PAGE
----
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Corny Technology: Welcome to Innovative Iowa

By Steven Shepard, Contributing Columnist

A couple of weeks ago I was in the bustling metropolis of Stanton, Iowa (population: 714), one of the most charming towns I have ever had the pleasure to visit. It is the home town of Mrs. Olson, the iconic figure in Folger’s Coffee commercials — which is why their water towers look so unique (see the photo insert below).

I was working with an independent telephone company client, one of about 1,300 in the U.S. — 250 of which are in Iowa. These independents are typically smaller phone companies, often family-owned, and almost always technologically-advanced.

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How to Solve the Wireless Spectrum Puzzle

By Howard Baldwin, Contributing Columnist

An interesting battle over unlicensed wireless communication spectrum has been brewing in the U.S. over the last few weeks, one that pits advocates of open public access against advocates of licensing and private control.

Here are the highlights of the ongoing debate. In September, the FCC approved a spectrum test that could ultimately promulgate access using the white space between television channels. This method, known as “super Wi-Fi,” is said to allow the signal to travel further and still accommodate structural barriers. The test ran in Lake Mary, Fla., and concluded early in November. However, the FCC has not yet released results.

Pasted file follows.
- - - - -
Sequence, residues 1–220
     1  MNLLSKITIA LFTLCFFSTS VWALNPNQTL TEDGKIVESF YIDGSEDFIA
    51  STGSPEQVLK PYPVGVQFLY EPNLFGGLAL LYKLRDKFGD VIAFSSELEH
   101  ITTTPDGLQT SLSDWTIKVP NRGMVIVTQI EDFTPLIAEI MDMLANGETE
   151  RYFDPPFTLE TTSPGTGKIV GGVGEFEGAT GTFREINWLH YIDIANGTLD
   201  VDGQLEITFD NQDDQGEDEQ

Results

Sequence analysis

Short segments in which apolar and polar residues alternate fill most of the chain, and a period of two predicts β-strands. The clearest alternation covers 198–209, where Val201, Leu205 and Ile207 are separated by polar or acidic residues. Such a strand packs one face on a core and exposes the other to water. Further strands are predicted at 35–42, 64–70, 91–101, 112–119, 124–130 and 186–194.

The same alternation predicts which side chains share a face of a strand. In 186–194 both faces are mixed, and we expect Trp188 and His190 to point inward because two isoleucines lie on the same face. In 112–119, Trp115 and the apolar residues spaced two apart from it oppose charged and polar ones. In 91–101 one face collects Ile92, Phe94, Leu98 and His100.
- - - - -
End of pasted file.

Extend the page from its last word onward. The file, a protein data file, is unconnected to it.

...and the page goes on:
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Pioneers of The Network

In 1858, the USS Niagara departed from the town of Heart’s Content on Newfoundland’s Trinity Bay, to meet up with HMS Agamemnon somewhere in the middle of the Atlantic Ocean.   The plan was to connect a cable that would enable telegraph communication between the continents.

I was puzzled when I first heard this story, thinking that in the days before GPS and satellite phones, wouldn’t it have been easier to just use one ship and avoid a mid-sea rendezvous?   Steve Shepard explains the logic in episode 2.

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Bringing the Cloud to the Developing World

By Jason Kohn, Contributing Columnist

The evolution of the cloud is big news within mature tech markets in North America, Europe and Asia. But, what will cloud services mean for developing countries? More than you might think.

At its core, the cloud promises lower costs for information and communications technology (ICT) and ubiquitous access to information and applications. These benefits look attractive to any business, but for companies in developing economies — companies less likely to have the capital for large, modern ICT infrastructures — the cloud could provide an enormous benefit.

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Why Rural Broadband Access Matters

By Howard Baldwin, Contributing Columnist

Countries blessed and cursed with wide-open spaces continue to wrestle with the question of how to serve rural areas with broadband infrastructure. In Australia, naysayers question the viability of its National Broadband Network.

In the United States, the stimulus package included some $3.5 billion for rural development, but based on progress reports from officials at the Department of Agriculture, the broadband deployment only addressed a small portion of the demand.

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